“The Conversion of an Anarchist”
~a short story by G.K. Chesterton
LADY JOAN GARNET had eyebrows long before she had any hair; and a cock of the eyebrow from which the wisest and oldest nurses in the family deduced that she would marry the wrong man. Perhaps she did; those who read this tale must decide the point for themselves. (For however that may be) some twenty-three years afterwards, when Lady Joan had plenty of hair, almost too much in fact, and of a heavy bronze tint, she still had the distinct and defiant eyebrow darker in color and as it were disconnected from the rest of her face But though she ran to eyebrow, she did not look supercilious; only rather cross.
G.K. Chesterton on Great Men
from “The Essential Chesterton: An Anthology on the Thought of G.K. Chesterton”
“There is a great man who makes every man feel small. But the real great man is the man who makes every man feel great.”
from Charles Dickens
The Fall of Man from “The Essential Chesterton: An Anthology on the Thought of G.K. Chesterton”
“The Fall is a view of life. It is not only the only enlightening, but the only encouraging view of life. It holds, as against the only real alternative philosophies, those of the Buddhist or the Pessimist or the Promethean, that we have misused a good world, and not merely been entrapped into a bad one. It refers evil back to the wrong use of the will, and thus declares that it can eventually be righted by the right use of the will. Every other creed except that one is some form of surrender to fate. A man who holds this view of life will find it giving light on a thousand things; on which mere evolutionary ethics have not a word to say. For instance, on the colossal contrast between the completeness of man’s machines and the continued corruption of his motives; on the fact that no social progress really seems to leave self behind; on the fact that the first and not the last men of any school or revolution are generally the best and purest, as William Penn was better than a Quaker millionaire or Washington better than an American oil magnate; on that proverb that says: “The price of liberty is eternal vigilance,” which is only what the theologians say of every other virtue, and is itself only a way of stating the truth of original sin; on those extremes of good and evil by which man exceeds all the animals by the measure of heaven and hell; on that sublime sense of loss that is in the very sound of all great poetry, and nowhere more than in the poetry of pagans and sceptics: “We look before and after, and pine for what is not”; which cries against all prigs and progressives out of the very depths and abysses of the broken heart of man, that happiness is not only a hope, but also in some strange manner a memory; and that we are all kings in exile.”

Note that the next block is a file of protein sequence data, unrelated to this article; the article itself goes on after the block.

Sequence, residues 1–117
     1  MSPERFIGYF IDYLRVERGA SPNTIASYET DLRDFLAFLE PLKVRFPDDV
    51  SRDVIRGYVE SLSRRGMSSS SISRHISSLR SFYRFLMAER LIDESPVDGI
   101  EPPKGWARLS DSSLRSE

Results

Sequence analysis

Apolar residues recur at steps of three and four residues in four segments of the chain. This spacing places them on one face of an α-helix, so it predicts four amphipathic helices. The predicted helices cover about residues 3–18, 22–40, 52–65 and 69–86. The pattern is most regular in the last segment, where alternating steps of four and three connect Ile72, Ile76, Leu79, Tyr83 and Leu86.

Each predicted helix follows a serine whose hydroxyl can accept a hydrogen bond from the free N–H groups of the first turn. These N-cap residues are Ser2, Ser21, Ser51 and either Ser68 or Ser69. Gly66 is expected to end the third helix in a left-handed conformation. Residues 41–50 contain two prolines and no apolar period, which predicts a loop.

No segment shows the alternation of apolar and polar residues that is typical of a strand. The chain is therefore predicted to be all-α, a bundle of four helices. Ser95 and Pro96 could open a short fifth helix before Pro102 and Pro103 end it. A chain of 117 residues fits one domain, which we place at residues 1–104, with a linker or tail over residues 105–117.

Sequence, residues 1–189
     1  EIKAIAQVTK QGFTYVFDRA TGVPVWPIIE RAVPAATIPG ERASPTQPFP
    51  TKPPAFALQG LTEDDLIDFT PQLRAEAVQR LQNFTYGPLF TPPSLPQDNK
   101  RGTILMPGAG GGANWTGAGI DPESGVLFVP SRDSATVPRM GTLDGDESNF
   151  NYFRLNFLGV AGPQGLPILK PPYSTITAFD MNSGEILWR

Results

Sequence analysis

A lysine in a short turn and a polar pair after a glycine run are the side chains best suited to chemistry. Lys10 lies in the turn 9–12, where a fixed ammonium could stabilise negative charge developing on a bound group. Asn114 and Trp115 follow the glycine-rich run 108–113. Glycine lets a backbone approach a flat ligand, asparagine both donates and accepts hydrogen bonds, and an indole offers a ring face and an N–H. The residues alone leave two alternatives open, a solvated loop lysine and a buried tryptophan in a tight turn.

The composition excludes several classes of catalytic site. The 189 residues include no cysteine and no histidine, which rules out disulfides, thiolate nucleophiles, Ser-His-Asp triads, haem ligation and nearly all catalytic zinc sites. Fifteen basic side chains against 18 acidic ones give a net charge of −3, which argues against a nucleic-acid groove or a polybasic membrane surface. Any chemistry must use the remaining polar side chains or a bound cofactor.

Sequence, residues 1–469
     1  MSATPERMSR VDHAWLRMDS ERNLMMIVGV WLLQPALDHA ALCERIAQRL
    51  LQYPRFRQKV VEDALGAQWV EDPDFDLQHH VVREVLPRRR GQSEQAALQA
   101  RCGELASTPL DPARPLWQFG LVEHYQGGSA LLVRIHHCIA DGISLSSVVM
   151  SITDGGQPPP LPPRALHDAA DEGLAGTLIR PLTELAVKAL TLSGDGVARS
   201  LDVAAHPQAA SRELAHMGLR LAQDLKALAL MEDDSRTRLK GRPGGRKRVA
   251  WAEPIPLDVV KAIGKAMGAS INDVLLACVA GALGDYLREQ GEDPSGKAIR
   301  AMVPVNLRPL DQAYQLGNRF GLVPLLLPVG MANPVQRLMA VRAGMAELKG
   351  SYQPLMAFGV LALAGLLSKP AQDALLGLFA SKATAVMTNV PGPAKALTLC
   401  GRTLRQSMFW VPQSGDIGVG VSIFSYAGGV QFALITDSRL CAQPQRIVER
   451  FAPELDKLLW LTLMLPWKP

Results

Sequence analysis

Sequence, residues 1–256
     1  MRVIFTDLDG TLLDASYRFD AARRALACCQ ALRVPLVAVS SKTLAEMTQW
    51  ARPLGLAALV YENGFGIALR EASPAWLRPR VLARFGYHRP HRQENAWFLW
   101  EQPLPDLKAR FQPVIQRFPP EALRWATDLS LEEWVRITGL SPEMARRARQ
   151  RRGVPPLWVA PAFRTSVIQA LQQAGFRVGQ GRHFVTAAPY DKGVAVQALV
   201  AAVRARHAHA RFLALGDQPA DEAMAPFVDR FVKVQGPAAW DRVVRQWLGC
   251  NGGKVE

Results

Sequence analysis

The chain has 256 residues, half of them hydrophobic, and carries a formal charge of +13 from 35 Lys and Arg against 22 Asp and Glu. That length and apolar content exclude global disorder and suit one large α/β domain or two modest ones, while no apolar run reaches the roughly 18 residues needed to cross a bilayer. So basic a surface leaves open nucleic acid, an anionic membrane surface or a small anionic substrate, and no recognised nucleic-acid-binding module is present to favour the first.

from The Thing
“[The] legends all say that the earth was kinder in its earliest time. There is no tradition of progress; but the whole human race has a tradition of the Fall. Amusingly enough, indeed, the very dissemination of this idea is used against its authenticity. Learned men literally say that this pre-historic calamity cannot be true because every race of mankind remembers it.”
“How precious is Your lovingkindness, O God!
And the children of men take refuge in the shadow of Your wings.” Psalm 36
God promises to be our shelter through the difficult seasons of life when storm after storm strike our shores.
“We cannot enjoy thoroughly even a pas-de-quatre at a subscription dance unless we believe that the stars are dancing to the same tune.” ~ G.K. Chesterton, Heretics
An acquaintance once compared Christopher Hitchens, one of the most famous foes of the Faith, to G.K. Chesterton, one of the greatest defenders of it. Hitchens claimed that he wasn’t so much of an atheist as he was an anti-theist, famously pronouncing that religion poisons everything. In contrast, Chesterton wrote that the more he considered Christianity, the more he “found that while it had established a rule and order, the chief aim of that order was to give room for good things to run wild.” Still, in this person’s mind, the two were similar: both were wizards with words who enjoyed witty banter, complex prose, big ideas, and strong drink. Both were also journalists and sharp cultural critics.